Thanks to Harold Lepidus for the assist.

What You Should Own

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L.A. Turnaround (Remastered) - Bert Jansch

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Died On This Date (February 22, 2001) John Fahey / Folk Guitar Legend

Posted by themusicsover on February 22, 2010

John Fahey
February 28, 1939 – February 22, 2001

john-fahey John Fahey was an influential folk and blues guitarist who is revered for his minimalistic steel string finger-picking style of play.  Fahey bought his first guitar at the age of 13, and by the time he was 20, he was making his own recordings.  Besides his amazing guitar skill, what separated Fahey from most other musicians at the time, was that he started his own record label, Takoma Records through which to release while he was still just a teenager.  Through all this, Fahey continued his education, eventually earning a Master’s degree in folklore from UCLA.  As a musicologist, Fahey tracked down the long forgotten blues great, Bukka White whom he recorded and helped re-launch a career during the folk and blues revival of the early ’60s.  And he did the same for Skip James.  Fahey continued to release his own outstanding guitar-centric albums throughout the ’70s while helping to launch the careers of the likes of Leo Kottke, George Winston and Robbie Basho.  In recent years, he has been noted as a direct influence by such contemporary musicians as M. Ward, Sufjan Stevens, Devendra Banhart, and Sonic Youth’s Lee Renaldo.  Health and financial problems plagued John Fahey during his final years, and he was reportedly living out of cheap hotels until on February 22, 2001, he died following bypass surgery at the age of 61.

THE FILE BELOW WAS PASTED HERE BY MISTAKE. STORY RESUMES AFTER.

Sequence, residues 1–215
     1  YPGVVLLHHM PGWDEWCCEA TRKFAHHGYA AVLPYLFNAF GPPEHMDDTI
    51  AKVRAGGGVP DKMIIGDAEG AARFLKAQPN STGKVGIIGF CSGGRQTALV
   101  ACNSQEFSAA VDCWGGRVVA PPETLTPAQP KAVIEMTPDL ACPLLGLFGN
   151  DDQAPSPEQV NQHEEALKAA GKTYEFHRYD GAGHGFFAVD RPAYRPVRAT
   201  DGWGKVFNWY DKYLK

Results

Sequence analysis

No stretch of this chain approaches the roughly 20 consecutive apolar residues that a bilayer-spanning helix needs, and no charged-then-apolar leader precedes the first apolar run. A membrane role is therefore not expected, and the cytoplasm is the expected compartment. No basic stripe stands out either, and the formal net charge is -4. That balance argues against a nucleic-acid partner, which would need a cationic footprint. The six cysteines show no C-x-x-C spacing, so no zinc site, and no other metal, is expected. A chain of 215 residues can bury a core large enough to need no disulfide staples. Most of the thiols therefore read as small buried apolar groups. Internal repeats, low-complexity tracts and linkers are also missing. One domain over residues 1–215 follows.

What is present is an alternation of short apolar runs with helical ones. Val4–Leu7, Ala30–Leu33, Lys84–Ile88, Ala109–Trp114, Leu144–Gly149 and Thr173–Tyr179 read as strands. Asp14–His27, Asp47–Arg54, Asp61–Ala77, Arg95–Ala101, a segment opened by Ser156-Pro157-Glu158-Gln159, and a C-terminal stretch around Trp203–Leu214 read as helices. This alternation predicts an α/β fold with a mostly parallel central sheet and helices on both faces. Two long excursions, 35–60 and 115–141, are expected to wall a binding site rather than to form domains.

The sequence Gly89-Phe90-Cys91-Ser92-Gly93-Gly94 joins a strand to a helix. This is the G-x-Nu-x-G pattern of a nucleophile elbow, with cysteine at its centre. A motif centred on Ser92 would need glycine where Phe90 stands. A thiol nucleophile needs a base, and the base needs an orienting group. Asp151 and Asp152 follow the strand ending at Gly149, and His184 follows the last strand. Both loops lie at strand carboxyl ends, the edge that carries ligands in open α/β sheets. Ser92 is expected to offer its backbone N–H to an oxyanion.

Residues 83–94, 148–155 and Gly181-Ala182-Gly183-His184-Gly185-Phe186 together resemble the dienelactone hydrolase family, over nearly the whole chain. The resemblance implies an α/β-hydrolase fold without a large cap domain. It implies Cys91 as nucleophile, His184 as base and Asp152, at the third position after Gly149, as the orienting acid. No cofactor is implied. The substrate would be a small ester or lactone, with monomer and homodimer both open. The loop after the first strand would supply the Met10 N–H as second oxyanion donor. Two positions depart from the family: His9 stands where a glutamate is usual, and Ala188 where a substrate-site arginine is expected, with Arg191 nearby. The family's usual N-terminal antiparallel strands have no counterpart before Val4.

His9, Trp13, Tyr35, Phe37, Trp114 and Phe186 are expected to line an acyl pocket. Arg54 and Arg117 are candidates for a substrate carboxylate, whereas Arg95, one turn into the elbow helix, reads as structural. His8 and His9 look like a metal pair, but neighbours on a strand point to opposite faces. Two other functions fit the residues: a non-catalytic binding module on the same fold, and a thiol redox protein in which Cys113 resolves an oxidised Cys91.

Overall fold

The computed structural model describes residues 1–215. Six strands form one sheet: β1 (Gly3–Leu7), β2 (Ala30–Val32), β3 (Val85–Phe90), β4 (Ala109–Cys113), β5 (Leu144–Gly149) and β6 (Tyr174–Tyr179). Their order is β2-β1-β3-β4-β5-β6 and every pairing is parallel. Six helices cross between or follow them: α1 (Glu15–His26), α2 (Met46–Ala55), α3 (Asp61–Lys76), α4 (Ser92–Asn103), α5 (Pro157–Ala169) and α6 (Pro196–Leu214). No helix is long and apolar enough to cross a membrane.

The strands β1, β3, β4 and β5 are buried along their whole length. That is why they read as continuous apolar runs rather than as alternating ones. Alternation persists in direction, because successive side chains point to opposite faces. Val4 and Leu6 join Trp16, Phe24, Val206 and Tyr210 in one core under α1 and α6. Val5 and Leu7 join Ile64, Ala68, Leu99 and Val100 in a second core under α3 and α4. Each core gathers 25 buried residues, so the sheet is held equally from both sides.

What You Should Own

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The Yellow Princess - John Fahey

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Died On This Date (December 5, 2009) Jack Rose / Gifted Freak-Folk Guitarist

Posted by themusicsover on December 5, 2009

Jack Rose
February 16, 1971 – December 5, 2009

Jack Rose was an acoustic guitarist and co-founder of the indie rock band, Pelt.  The band released a few EPs before Rose went off on his own, recording in a musical style reminiscent of John Fahey, Sandy Bull, and Robbie Basho.   In 2002, he released his first album on Eclipse Records, and then released several more LPs and EPs over the next seven years.  He also had a track on Devendra Banhart’s critically acclaimed freak folk compilation, Golden Apples of the Sun.  His records have been praised by such cutting edge media as The Wire and Pitchfork.  Rose recently finished his tenth album, Luck in the Valley, which is set for release in early 2010.  Jack Rose, 38, suffered a fatal heart attack on December 5, 2009.

What You Should Own

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Luck In The Valley - Jack Rose